It was 32 years ago today that I was here: The Concert In The Park.
No, not the Simon & Garfunkel one — this one was held at the Ellis Park Rugby Stadium in Johannesburg on the 12th of January 1985.
It was an event of a previously unheard-of scale.
In 1985, economic and consumers boycotts, mass demonstrations and general political turmoil was at its height. South Africa was on the brink of a state of emergency. Yet one brave radio station, through the power of music, pulled off [a] historical event which captured the imagination of a troubled nation. This was the Concert in the Park.
702 Music Radio, broadcasting on medium wave, called to action over 100,000 people, from all walks of life, to celebrate South African music and to demonstrate their concern for the country’s hungry people. So successful was the call that, as the day progressed, 702 had to send out appeals to the public to stop coming to Ellis Park because by late afternoon the stadium was jam packed and crowds were gathering outside.
There is no doubt that this was a significant political and musical milestone in South African history. — Solid Gold
Never before had such a huge crowd gathered for a music event.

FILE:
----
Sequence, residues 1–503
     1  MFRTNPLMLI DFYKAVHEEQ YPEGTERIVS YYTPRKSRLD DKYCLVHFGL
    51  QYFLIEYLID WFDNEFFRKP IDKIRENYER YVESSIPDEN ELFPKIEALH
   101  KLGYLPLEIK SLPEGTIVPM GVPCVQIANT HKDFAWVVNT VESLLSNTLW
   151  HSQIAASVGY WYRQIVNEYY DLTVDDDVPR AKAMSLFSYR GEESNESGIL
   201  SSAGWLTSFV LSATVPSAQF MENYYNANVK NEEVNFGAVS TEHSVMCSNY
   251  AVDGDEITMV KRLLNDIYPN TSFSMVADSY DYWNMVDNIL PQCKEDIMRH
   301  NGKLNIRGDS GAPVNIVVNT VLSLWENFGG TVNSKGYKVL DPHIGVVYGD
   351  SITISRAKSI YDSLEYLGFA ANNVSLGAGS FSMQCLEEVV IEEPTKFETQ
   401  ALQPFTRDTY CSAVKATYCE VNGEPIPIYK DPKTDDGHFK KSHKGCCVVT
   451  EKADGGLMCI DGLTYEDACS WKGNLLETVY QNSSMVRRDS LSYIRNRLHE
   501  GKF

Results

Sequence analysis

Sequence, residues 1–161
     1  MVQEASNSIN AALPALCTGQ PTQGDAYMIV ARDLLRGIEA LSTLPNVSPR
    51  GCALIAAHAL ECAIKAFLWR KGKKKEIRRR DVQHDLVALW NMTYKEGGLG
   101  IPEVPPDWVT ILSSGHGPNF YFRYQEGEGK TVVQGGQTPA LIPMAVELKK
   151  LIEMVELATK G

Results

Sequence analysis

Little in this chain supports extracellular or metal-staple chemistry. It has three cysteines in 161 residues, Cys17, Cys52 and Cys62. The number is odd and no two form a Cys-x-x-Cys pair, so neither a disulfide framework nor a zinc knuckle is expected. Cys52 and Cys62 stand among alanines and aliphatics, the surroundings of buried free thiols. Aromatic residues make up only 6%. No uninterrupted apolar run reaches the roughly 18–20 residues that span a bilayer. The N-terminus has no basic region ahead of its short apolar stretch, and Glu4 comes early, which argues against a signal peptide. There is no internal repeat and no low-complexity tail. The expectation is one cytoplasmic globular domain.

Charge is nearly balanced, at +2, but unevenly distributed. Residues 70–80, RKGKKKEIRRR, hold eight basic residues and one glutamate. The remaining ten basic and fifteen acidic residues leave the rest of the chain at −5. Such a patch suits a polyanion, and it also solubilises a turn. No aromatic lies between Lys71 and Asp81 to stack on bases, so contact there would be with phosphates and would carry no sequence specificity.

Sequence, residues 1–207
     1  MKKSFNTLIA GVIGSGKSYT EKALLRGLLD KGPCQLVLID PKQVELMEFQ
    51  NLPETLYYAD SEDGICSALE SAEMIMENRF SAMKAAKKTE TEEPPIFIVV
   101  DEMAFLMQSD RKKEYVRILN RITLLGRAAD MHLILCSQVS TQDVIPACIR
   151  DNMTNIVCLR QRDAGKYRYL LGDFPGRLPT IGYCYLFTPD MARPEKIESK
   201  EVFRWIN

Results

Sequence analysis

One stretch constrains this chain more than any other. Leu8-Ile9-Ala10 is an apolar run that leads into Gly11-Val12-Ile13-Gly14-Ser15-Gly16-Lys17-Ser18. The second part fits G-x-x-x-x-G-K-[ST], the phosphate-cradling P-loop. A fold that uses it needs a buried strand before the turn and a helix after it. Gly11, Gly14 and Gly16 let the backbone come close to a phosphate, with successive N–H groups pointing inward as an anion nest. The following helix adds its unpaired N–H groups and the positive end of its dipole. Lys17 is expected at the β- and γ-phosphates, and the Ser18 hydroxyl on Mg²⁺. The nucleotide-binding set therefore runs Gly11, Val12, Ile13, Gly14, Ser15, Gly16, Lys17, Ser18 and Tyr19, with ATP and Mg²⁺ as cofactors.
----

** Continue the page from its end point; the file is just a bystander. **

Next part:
Integration was (officially) still a big, fat Aikona!
The smell of boerewors and dagga hung in the air as thousands upon thousands of people of all races converged peacefully at the hallowed grounds of Afrikaner whiteness: The Ellis Park Rugby Stadium. Only the fewest would appreciate the magnitude of the 10-hour event at the time.
I don’t remember exactly what it was that made me go. Perhaps it was the group of fellow troublemakers from school who came along, perhaps it was good promotion, or perhaps it was the fact that the stadium was “just down the road” from where we lived at the time — but one thing’s for sure: it was an awesome event for a 15-year-old!
While the African (black) bands were of little interest to me personally, it was Petit Cheval, Via Afrika, Ella Mental (with their legendary performance of See Yourself), Hotline, and particularly éVoid (whom we’d seen live at the Chelsea Underground before) that were the main drawing cards.
The concert reached a climax with Juluka, the only mixed-race band […] “Johnny Clegg showed us that day why he was world class,” remembers Alex Jay, the MC on the day. “He was just a man on his volcano. He was spectacular.” It was to be one of Juluka’s final performances. — Mahala
The Concert In The Park has since been reduced to a curious and nostalgic footnote in the annals of music history, one which the ability to relive this performance by Juluka today, in 2017, via the internet manages to move me to tears.
Thanks, Next Music, for putting up these fantastic gems.
Images via mahala.co.za, hmvh.net